Don’t expect much from EU efforts in the Indo-Pacific
27 Mar 2024|

Can the European Union facilitate a more stable and prosperous Indo-Pacific? Brussels believes so. Josep Borrell, high representative of the EU for foreign affairs, says the EU intends to counter the deteriorating regional security environment with cooperative multilateralist approaches. 

But this belief is misplaced. The cooperative measures proposed by Brussels cannot redress the deteriorating environment, and the options for fostering viable multilateralism all exceed the EU’s capabilities. Correspondingly, without an effective and autonomous path forward, Brussels should throw its weight behind the like-minded initiative led by the US to build a free and open Indo-Pacific 

Intensifying Sino-US rivalry has largely driven the deterioration of the Indo-Pacific security environment. China’s meteoric rise not only emboldened a revisionist Beijing but also eroded the longstanding cornerstone of Indo-Pacific stability, US regional primacy. Since neither Beijing nor Washington have incentives to give way, their struggle for regional mastery has been marked by ever-increasing levels of assertiveness and pushback. The ongoing deterioration has even hardened many secondary powers against meaningful cooperation, with Australia, Japan, South Korea, and the Philippines all recently adopting more adverse policies towards China. 

Rather than ameliorating these tensions, EU plans for Indo-Pacific cooperation predominantly target lesser powers, such as Pacific island countries, and lower political issues, such as green transitions. Taking this approach inherently precludes Brussels from realizing its stated aim, but in the current geopolitical climate, exploiting low-hanging opportunities is about all that cooperative multilateralist approaches can hope to achieve.  

Theoretically, if the EU wished to foster viable multilateralism, there are three ways in which it could rewrite the rules of Indo-Pacific politics to do so. First, it could impose new rules by leveraging its material dominance—much like how European colonial powers displaced China’s waning influence in East Asia during the mid-1800s. Second, it could institutionalise new rules by forming a preponderant coalition, like the EU in postwar Europe. Third, it could cultivate informal rules by outlining guidelines in a similar style to the principle of non-interference that characterises relations among members of the Association of South East Asian Nations. 

None of these options are within the reach of Brussels, however. The EU doesn’t enjoy the material dominance needed to impose multilateralism on the Indo-Pacific. Despite recent increases, its defense budget remains a paltry $3 billion, equivalent to Myanmar’s. Moreover, Brussels has no military wherewithal of its own, and recent proposals for forming an EU army died on arrival. The EU’s greatest asset, its single market, also falls comparatively short against China and the US—ranking third both in size and expected long-term growth.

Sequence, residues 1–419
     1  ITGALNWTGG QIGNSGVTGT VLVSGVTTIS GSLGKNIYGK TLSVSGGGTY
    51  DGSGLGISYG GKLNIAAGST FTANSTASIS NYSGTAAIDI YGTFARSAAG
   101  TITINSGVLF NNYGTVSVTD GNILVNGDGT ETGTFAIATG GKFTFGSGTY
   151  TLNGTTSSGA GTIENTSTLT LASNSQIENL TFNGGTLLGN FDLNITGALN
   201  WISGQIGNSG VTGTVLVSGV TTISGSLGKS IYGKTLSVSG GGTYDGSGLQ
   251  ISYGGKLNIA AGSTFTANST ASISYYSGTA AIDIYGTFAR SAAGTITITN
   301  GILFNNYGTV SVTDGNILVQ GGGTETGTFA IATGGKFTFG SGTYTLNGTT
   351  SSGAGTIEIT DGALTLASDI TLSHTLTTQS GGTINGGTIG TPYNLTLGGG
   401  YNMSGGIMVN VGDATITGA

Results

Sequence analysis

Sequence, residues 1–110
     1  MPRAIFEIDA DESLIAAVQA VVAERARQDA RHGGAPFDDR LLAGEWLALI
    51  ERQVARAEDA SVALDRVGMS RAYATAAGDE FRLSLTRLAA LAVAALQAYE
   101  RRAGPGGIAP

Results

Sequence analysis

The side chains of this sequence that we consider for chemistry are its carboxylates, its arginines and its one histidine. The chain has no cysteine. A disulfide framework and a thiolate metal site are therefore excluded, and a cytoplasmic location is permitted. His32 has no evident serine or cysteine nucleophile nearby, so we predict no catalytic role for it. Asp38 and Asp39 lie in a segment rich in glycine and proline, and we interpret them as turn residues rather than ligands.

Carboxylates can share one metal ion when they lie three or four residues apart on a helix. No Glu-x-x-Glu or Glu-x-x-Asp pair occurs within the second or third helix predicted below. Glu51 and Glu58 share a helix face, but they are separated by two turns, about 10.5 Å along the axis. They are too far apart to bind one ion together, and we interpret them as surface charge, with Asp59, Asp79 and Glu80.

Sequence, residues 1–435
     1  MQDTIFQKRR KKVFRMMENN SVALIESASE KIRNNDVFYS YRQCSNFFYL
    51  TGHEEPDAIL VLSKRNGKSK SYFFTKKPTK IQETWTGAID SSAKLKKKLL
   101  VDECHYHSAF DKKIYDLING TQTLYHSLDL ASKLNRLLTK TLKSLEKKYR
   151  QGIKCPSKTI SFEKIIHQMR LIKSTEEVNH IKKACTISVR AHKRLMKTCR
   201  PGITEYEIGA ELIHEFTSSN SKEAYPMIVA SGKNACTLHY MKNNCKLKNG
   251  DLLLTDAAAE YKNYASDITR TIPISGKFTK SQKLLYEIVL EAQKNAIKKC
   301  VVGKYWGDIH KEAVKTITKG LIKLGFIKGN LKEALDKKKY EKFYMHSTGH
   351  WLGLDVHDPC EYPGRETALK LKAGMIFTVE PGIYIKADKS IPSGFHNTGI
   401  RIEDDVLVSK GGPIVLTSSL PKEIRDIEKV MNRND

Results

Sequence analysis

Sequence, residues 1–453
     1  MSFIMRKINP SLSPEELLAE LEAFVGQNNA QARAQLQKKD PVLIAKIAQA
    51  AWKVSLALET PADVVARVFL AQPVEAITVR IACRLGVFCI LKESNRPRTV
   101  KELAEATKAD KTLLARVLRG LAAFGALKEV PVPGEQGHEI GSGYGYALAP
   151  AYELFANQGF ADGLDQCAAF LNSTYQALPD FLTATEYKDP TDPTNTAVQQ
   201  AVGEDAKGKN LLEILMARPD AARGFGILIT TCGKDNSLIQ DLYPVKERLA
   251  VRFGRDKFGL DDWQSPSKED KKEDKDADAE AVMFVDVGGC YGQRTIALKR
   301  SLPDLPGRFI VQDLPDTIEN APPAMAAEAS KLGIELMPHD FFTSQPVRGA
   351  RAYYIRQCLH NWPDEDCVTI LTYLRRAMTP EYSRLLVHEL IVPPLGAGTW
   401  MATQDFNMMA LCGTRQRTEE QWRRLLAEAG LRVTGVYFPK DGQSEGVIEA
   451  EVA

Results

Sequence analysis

Nor can the EU draw the necessary strength from its members. Common foreign and defense policy requires unanimous consent, and that is rarely available for Indo-Pacific operations. Members have approved only two actions on the region’s periphery against non-state threats to global shipping. Moreover, the members currently remain focused on European security, and those with the capacity for extra-regional operations, such as France and Germany, have sent only smaller deployments to the Indo-Pacific. 

Brussels also lacks the influence to bring together a preponderant multilateralist coalition. Neither Washington nor Beijing has the incentive to join an EU-led bloc that advocates for constraining its interests, and they already have their own security ties in the region. For instance, China and Russia enjoy a ‘no limits partnership’, while Australia, Japan and South Korea regard their alliances with the US as the cornerstones of their defence strategies. 

The EU does have a strategic partnership with ASEAN, but that group’s members have little weight in the region, accounting for just 15.9% of the Indo-Pacific population and 10.4% of the regional GDP. Moreover, these states generally abide by the geopolitical mantra of ‘don’t make us choose—to the extent that seven of the 10 ASEAN members maintain security ties with both China and the US.  

Neither can Brussels leverage its economic heft for diplomatic gain. The EU has a smaller share of regional imports and exports than China or the US. It’s also less valuable as a trading partner for most of the Indo-Pacific states (including six of the 10 largest regional economies).  

Lastly, there is too much at stake for the US and China in the Indo-Pacific for the EU to introduce effective multilateralism. Both the US and China are uncompromising in their quest to be the dominant influence in the region and in their strategies over key matters such as Taiwan, and will cooperate only on less sensitive issues, such as climate change. 

Despite the confidence of Brussels, the EU cannot provide a multilateralist alternative for stabilizing the Indo-Pacific: it doesn’t have a plausible strategy for ameliorating the core tensions; and it is too weak and peripheral to instil multilateralist rules within the region. Instead, Brussels should back the US’s initiative to build a free and open Indo-Pacific, which espouses similar rules-based preferences to the EU’s own Indo-Pacific strategy.